A few miles farther down the highway, I stop suddenly and pull to the side when I see a family of Willow Ptarmigans cross in front of me. I watch these and then shortly thereafter a second family for an hour or so. The ptarmigans are nearly full-sized, so much so I donít always recognized the adult hen. The youngsters scurry around indecisively, stopping abruptly, screwing their four heads in four different directions and then quickly switching bearing. One starts across the highway, only to stop at the yellow line and look back to see if his cohorts are following. The hen clucks instructions, but the juveniles have grown independent and ignore her. Their plumage is camouflaged mottled brown except for white bellies and feathered white legs. When the young ones fly they reveal strikingly white wings. The hen stays behind at the side of the road, but after a minute or two decides to join her autonomous family, and in flight she too shows white wings, a reminder that soon they will be changing attire to all-white winter plumage.
I enter the tundra on foot, looking in the area where I hope to find Smithís Longspur. I check out every sparrow, a challenge now to identify in their poorly marked juvenile plumage. Dozens of Savannah Sparrows, nearly as many American Tree Sparrows, a few White-crowned Sparrows and one Fox Sparrow, but no longspurs. In a small clump of low willow, a Gray-cheeked Thrush attempts to hide. Between bird happenings Iím easily distracted by the grand vistas across gray-green tundra, silvered pools of thaw lakes and purple-shaded mountains. At my feet fall flowers abound: Pink Plumes, Yellow-spotted Saxifrage, Few-flowered Groundsel, White Northern Oxytrope and the red stalks of Arctic Dock. The flower petals have fallen from the Arctic Lupine and bean-like seed pods remain, looking much like Texas bluebonnets.
At another stop the warblers are bountiful again and at first I assume the dozens are all Wilsonís Warblers, but as I photograph the yellowish warblers I see wing bars on one, a strong yellow supercilium on another and a few faint breast stripes on yet another. Confusing fall immature warblers, I slowly recognize Blackpoll, Orange-crowned and Yellow warblers among the lot.
The last show of the morning is the Long-tailed Jaeger that puts on an aerial performance. Iíd seen both an adult and a dark short-tailed juvenile earlier in the morning. Now the adult hovers over my head. I snap photos of its stationary helicoptering flight, each frame catching the action at a different wingbeat. The adult has lost most of the yellowish tint to its throat feathers, but its long streamers still more than double the length of its tail. Using the tail as a rudder and rotating its wings fore and aft, but always above its head, the jaeger maintains its body in a stationary position and keeps its eyes aimed to the tundra in search of prey.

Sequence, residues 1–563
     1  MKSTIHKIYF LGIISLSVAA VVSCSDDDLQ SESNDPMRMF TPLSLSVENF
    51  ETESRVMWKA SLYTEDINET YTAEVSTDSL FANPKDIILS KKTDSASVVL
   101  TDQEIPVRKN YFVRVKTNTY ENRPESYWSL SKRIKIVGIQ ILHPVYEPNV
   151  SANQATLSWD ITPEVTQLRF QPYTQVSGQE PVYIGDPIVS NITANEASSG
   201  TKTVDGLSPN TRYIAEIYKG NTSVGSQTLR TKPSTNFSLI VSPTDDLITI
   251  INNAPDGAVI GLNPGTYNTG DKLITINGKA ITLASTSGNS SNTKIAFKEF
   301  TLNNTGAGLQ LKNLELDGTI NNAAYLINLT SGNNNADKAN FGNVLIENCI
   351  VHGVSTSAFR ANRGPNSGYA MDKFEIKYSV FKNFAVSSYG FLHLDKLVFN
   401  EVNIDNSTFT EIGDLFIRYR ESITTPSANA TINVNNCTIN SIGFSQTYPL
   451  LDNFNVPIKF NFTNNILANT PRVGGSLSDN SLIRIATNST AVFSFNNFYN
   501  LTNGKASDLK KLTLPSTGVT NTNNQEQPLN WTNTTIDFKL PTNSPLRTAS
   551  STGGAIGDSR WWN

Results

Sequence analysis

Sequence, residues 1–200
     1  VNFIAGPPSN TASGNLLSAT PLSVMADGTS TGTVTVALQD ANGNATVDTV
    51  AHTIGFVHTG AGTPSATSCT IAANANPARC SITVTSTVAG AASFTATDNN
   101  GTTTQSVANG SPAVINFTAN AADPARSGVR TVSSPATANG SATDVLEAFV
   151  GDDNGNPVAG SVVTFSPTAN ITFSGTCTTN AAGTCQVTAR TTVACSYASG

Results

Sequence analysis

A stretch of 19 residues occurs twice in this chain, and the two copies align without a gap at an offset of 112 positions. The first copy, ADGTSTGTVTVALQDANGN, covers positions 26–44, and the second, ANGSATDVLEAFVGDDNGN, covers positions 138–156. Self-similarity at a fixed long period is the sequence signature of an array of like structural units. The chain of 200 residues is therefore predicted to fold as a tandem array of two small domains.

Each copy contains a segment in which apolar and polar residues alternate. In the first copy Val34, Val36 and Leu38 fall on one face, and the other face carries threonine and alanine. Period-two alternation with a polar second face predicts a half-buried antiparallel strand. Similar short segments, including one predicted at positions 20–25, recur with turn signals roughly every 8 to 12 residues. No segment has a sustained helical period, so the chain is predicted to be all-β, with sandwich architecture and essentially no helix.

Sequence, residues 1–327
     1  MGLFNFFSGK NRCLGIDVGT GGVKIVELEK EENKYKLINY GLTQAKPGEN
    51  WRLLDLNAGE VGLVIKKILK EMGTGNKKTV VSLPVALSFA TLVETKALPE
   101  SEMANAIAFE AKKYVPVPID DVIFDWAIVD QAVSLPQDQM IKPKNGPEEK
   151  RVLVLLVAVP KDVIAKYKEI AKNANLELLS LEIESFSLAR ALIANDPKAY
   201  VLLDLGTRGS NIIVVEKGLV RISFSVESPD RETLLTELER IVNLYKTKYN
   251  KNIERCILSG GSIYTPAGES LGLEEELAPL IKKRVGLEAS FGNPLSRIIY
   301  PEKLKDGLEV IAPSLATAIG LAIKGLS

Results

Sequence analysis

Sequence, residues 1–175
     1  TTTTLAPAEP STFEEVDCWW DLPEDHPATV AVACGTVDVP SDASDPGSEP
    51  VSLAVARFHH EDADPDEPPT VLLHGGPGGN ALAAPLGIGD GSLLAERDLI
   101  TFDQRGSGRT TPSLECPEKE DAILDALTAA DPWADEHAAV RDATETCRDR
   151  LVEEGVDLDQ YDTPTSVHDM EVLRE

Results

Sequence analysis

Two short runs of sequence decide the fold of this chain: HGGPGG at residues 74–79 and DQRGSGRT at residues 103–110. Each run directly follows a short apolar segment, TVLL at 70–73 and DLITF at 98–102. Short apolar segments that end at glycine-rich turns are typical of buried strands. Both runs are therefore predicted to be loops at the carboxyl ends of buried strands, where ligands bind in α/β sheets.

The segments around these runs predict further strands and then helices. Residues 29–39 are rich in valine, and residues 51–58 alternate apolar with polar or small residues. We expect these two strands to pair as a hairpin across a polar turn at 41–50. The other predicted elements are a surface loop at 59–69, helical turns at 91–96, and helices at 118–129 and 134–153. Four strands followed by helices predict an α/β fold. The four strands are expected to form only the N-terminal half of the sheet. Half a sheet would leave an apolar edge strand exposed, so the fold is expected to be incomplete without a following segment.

By 11:15 the thermometer warmed to 48ļ and by 11:45 it has climbed to 56ļ, enough so Shari accompanies me for a walk around the campsite. We find blueberries to pick and later cook our dinner over a hot campfire, ending a delightful fall day in the wilds of Alaska.
(Bert) We awake to serious rain and a dark low-ceiling sky that doesnít look like the raindrops will stop anytime soon. After a leisurely breakfast in the coziness of R-Tent-III we venture outside to attach the tow car and head out on the Denali Highway. As we climb slightly along the frost-heaved highway, the rain turns to snowflakes. Windshield wipers push aside the white flakes and I have to remind myself this is the first week of August. Our daughter and friends from Texas e-mail us about 100ļ-plus temperatures and nearly rainless months, but here it snows and the RVís furnace runs at night even with the thermostat set at 55ļ.
(Bert) Steve and Nancy are already at the Mendeltna campground and John and Carol pulled in just minutes before we arrived yesterday afternoon. Later, in come Bent and Marie and at 5 PM all resume our social hour around a campfire built with Bentís dry wood that I split thinly with my axe. After dinner, Steve and I resume our competitive card games against Shari and Nancy. Men easily win the first two rounds of 500, but the last set goes on through a nearly endless series of 15+ hands with the score frequently dipping negative and rebounding to near finish only to cycle once again. The men win two out of three, but the last marathon set lost to the women makes it feel like we lost all evening long.
(Bert) The thermometer reads 32 when I get up, but I stay inside most of the day until Shari and I take a walk and find a patch of blueberries to gather. I find a very attractive red-capped mushroom, put it in the bag with the blueberries and crowberries, and later get out my books. If I chose mushrooms for eating by how pretty they look, this one sure would get me in trouble. It is called Sickener in one book and Emetic Russula in another, and even the Latin name Russula emetica is ominous. Throughout the day, others in our group arrive and at 5 we gather for pizza and salad at the lodge, with lots of good conversation as we catch up on what each couple did during our break.